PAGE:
Exempt items are products on which no VAT is paid or charged but the transactions for these items should still be recorded on the VAT Return. Examples being insurance, finance and credit, education and training, subscriptions to membership organisations
Zero rated items are goods on which the Government charges VAT but the rate is currently set to Zero. Transactions for these items should still be recorded on the VAT Return. Examples being children’s clothes, footwear, basic foods, books and newspapers.
Outside the scope
Outside the scope of VAT means that VAT does not apply to the goods or services. Transactions for these items should not be recorded on the VAT Return. Examples being charges levied by the government like MOT testing, wages paid to employees, payments to pension providers, PAYE payable to HMRC. Your physical VAT reclaim or payment to HMRC is also outside the scope and this transaction should not appear on the VAT Return.
Making Tax Digital for VAT is part of a wider government initiative to digitalise all tax systems and make it easier for taxpayers to assess how much tax they owe.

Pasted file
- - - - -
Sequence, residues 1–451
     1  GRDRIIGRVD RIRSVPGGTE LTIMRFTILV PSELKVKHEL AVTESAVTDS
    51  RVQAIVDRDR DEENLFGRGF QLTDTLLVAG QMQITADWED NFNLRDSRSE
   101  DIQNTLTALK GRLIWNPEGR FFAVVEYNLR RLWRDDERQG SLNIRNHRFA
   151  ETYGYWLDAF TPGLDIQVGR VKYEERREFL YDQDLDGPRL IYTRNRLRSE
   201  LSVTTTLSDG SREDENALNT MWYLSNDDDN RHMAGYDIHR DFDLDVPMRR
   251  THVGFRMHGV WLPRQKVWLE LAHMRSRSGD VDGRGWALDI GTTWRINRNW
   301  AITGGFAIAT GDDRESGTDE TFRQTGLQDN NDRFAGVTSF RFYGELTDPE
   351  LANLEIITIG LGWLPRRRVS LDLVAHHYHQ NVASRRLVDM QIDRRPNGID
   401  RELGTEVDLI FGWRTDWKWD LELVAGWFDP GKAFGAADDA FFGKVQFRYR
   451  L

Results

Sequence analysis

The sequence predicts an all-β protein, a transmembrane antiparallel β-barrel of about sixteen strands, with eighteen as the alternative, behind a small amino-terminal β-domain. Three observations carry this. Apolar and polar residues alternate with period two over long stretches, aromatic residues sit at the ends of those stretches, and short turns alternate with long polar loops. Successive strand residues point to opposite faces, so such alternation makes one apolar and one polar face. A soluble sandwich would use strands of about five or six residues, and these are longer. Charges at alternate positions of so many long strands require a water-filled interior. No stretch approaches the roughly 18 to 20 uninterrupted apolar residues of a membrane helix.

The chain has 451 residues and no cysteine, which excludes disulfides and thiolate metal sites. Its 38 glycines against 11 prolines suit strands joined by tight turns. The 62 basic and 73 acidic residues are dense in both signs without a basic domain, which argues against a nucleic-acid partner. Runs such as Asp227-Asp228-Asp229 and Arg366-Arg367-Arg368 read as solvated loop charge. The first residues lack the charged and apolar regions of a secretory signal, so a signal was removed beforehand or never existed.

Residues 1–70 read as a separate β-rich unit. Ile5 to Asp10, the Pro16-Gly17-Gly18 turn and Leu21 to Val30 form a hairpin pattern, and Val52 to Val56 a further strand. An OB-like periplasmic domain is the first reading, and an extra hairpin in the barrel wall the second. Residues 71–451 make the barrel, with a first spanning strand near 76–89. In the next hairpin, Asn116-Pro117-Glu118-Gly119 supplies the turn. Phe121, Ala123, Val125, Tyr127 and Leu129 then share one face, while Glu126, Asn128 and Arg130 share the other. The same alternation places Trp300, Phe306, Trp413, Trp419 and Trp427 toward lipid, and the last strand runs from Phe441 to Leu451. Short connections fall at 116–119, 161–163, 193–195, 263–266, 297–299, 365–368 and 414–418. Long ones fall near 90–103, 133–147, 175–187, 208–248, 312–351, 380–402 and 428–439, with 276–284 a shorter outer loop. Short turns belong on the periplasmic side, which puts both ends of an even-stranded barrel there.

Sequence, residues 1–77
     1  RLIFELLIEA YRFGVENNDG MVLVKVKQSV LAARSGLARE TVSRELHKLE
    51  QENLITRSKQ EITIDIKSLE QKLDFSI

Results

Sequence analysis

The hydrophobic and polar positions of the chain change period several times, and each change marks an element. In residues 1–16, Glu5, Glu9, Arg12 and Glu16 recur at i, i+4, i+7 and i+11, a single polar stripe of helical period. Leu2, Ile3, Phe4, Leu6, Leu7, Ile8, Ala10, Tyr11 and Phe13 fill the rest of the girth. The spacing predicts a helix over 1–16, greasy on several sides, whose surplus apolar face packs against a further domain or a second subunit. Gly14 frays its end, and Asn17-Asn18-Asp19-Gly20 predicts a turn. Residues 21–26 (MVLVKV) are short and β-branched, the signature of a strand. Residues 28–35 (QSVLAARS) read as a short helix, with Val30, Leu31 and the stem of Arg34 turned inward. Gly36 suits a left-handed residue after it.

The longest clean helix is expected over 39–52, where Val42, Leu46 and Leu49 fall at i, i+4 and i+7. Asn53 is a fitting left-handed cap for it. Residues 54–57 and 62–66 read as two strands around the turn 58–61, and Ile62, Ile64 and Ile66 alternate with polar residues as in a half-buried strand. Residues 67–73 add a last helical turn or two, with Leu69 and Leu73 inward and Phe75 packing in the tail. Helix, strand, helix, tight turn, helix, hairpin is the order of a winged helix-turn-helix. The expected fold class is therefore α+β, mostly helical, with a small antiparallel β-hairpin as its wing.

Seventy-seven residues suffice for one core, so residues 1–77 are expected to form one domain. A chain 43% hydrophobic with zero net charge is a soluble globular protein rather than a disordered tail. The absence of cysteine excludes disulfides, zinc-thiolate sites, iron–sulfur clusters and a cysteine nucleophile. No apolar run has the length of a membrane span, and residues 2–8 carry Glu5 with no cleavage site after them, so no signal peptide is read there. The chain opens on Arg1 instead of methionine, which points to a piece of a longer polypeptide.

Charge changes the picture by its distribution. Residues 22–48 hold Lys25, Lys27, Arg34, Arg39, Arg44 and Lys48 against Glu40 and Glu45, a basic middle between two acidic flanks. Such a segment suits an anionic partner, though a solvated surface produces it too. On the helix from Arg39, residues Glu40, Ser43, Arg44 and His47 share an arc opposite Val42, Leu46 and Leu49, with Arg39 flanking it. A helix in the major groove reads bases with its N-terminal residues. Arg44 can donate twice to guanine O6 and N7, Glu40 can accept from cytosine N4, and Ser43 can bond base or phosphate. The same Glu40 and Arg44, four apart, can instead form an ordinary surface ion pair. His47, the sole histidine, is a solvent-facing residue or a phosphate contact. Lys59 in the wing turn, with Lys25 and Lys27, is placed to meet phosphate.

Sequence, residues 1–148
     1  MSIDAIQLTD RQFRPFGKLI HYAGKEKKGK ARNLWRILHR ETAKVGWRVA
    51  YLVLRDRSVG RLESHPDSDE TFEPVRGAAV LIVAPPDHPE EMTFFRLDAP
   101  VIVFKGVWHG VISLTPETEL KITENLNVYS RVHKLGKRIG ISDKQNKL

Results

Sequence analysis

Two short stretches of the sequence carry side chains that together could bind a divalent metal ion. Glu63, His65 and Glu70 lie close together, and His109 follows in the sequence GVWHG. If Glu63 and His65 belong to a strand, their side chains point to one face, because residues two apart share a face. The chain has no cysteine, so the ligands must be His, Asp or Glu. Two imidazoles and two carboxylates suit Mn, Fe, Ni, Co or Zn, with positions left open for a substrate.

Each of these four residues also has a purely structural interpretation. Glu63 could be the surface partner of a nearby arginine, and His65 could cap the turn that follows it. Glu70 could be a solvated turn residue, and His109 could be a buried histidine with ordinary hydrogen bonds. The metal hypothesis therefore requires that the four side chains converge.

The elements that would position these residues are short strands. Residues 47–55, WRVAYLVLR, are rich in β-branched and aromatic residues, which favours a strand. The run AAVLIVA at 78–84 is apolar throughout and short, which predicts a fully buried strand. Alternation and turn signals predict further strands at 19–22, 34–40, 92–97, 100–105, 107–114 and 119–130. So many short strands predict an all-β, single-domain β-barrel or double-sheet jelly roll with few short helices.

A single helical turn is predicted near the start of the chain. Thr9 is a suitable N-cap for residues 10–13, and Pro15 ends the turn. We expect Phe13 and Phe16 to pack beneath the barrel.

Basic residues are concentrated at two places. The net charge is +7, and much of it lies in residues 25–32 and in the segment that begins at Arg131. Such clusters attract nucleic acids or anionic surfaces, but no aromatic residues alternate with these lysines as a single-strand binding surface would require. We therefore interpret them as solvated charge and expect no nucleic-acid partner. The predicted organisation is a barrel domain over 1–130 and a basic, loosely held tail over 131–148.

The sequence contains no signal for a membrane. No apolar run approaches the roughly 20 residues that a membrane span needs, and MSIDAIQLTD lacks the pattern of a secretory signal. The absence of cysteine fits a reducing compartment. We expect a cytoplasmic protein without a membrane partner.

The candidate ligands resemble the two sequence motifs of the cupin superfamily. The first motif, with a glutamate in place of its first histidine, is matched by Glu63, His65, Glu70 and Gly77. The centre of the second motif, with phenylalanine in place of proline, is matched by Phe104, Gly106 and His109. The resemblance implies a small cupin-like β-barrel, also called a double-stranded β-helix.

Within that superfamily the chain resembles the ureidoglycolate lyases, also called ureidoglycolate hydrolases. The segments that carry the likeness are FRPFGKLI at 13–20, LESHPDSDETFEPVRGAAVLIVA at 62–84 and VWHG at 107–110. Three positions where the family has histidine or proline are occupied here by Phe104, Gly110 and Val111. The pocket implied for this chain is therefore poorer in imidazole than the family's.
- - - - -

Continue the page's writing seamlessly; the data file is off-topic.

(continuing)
Making Tax Digital for VAT requires all VAT-registered businesses to keep records digitally and file their VAT Returns using MTDfV compatible software. This allows your accounting software to be directly linked to HMRC and your software will receive information from HMRC about what returns are due and by what date.
If your business is registered for VAT, you must submit your VAT Return via MTDfV compatible software. Our friendly cloud accountants are experts at using Xero, QuickBooks Online, Sage Business Cloud Accounts and FreeAgent and can help you decide which one would be best suited for you and your business.
We have a wealth of useful business, tax and financial information in our Information Hub – contact us for help and advice specific to your circumstances.